Climate change could make this year the worst yet for valley fever

Rob Purdie is an upbeat guy. You can hear it in his unfailingly positive statements, his voice tinged with a Central Valley twang from a life spent in Bakersfield.

You wouldn’t guess this is a man with a reservoir surgically built into the top of his skull, and that he spends one full day a month with antifungal drugs pumping directly into his brain.

Purdie has Valley fever, or coccidioidomycosis, a disease he caught in 2012 that’s caused by an airborne soil fungus. In his case, the fungus gave him meningitis, a swelling of the membranes that line the brain and spinal cord. The pain in his head has been intense, and the monthly drug injections are even more excruciating, he said.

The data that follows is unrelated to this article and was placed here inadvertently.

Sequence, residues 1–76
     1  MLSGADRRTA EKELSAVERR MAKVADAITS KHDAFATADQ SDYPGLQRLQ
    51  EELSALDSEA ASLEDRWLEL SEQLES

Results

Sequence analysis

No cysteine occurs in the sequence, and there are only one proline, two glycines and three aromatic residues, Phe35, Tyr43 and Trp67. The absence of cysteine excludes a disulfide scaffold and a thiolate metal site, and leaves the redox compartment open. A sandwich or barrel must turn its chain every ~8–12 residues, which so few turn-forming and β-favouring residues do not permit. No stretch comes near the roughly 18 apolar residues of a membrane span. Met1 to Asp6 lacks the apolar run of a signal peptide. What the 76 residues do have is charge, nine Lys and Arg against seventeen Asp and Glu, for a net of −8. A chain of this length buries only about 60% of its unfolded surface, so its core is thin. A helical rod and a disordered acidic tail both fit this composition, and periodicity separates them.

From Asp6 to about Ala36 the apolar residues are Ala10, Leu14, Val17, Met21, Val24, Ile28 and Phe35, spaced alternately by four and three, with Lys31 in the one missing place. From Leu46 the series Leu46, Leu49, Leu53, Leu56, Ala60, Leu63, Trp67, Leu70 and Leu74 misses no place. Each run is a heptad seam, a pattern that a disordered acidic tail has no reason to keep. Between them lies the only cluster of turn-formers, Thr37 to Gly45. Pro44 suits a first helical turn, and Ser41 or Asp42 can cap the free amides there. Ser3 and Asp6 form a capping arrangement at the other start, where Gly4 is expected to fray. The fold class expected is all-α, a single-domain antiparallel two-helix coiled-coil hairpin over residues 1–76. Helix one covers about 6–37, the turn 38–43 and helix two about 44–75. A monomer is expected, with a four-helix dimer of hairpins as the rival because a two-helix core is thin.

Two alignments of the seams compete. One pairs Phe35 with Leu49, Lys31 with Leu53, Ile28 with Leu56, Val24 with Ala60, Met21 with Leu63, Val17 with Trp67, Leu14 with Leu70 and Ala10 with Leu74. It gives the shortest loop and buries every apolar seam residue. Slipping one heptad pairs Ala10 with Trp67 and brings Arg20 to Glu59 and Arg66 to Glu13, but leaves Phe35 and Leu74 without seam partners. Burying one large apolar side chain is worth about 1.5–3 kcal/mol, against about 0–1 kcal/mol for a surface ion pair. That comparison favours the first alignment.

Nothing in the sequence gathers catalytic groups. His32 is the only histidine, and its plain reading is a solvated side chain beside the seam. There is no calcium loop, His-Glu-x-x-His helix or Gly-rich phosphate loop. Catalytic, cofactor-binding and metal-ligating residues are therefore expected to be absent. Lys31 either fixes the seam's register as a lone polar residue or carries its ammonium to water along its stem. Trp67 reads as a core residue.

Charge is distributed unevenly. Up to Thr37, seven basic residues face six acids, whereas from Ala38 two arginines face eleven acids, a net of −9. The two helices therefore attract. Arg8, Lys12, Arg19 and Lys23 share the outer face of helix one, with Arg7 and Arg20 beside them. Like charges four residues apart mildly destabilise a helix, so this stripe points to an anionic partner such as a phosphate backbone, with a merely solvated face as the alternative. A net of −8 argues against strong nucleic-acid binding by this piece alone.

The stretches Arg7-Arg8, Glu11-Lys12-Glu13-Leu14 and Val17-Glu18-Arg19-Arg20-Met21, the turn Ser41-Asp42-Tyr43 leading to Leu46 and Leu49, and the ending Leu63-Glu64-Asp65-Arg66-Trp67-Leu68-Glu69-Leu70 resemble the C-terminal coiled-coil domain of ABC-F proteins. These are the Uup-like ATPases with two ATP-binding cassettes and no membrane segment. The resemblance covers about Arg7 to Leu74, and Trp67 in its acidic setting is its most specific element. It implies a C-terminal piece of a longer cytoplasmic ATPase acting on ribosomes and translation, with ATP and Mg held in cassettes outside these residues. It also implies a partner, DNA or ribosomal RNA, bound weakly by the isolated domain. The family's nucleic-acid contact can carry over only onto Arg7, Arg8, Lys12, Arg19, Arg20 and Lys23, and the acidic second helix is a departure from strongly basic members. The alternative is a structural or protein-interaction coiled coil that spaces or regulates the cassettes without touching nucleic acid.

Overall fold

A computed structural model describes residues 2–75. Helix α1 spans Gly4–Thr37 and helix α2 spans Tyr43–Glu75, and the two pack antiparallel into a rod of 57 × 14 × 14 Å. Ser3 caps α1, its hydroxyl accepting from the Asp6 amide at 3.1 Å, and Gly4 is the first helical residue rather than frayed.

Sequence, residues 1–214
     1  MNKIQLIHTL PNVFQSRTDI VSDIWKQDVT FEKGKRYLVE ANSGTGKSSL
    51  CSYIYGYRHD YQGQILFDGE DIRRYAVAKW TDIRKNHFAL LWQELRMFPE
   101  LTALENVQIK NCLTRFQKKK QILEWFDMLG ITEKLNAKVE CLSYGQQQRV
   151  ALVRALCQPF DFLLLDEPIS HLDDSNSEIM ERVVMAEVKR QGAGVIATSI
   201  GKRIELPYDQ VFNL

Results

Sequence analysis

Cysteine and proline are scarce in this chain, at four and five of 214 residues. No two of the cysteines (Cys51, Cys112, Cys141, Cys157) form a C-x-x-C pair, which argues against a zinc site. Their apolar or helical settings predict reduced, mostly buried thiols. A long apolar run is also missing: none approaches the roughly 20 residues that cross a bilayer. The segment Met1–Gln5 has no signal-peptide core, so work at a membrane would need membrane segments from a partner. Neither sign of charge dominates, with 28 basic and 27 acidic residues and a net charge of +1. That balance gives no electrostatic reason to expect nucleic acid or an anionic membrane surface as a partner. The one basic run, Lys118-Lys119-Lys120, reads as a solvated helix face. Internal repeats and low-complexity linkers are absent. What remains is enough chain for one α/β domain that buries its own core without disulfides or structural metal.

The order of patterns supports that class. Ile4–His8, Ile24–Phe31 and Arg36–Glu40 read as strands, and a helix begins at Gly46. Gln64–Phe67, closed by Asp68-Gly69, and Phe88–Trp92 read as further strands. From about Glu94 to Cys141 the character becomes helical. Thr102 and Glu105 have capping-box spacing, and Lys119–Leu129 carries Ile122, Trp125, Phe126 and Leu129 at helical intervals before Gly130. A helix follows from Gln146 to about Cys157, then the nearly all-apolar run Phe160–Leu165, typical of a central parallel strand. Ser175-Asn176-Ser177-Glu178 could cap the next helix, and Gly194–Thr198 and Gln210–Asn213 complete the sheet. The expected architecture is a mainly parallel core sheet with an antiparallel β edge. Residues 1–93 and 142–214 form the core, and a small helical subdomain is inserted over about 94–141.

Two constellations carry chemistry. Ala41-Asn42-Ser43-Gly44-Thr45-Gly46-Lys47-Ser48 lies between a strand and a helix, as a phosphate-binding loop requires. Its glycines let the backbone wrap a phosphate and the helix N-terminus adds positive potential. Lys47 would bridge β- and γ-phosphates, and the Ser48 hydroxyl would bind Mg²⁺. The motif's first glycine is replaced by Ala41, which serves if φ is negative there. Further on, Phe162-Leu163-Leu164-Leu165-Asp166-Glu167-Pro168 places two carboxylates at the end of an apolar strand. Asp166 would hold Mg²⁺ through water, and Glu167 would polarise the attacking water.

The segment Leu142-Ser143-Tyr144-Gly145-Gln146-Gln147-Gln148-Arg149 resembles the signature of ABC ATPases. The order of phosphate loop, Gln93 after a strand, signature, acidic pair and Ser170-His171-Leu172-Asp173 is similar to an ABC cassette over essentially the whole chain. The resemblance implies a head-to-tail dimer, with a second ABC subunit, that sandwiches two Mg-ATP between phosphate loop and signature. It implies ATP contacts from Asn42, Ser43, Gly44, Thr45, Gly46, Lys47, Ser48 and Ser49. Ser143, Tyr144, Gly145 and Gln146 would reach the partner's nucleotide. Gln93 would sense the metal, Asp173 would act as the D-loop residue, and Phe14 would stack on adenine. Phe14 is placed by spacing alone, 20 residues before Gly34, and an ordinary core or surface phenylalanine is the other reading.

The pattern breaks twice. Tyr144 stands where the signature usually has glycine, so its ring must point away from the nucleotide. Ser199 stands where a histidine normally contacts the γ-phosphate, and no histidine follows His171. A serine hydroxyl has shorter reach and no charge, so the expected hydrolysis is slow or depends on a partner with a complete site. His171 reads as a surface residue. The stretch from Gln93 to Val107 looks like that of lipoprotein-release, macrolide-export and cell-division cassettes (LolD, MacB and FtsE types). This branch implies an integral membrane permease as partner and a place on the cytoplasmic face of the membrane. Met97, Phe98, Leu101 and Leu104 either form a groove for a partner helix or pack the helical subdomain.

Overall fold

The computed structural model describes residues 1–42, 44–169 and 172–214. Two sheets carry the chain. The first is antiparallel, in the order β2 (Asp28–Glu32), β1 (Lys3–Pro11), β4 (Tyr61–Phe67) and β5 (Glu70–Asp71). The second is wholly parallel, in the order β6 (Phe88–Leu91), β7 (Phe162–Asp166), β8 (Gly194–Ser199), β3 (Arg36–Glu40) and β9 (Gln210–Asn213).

“It sounds horrible, and it is,” Purdie said. But “lucky for me, valley fever meningitis can be treated.”

The number of reported valley fever cases set a record in California in 2016, with more than 6,000 infections. That number jumped to 8,103 in 2017, an increase of more than a third — growth many experts link to climate change. This year could be the worst yet.

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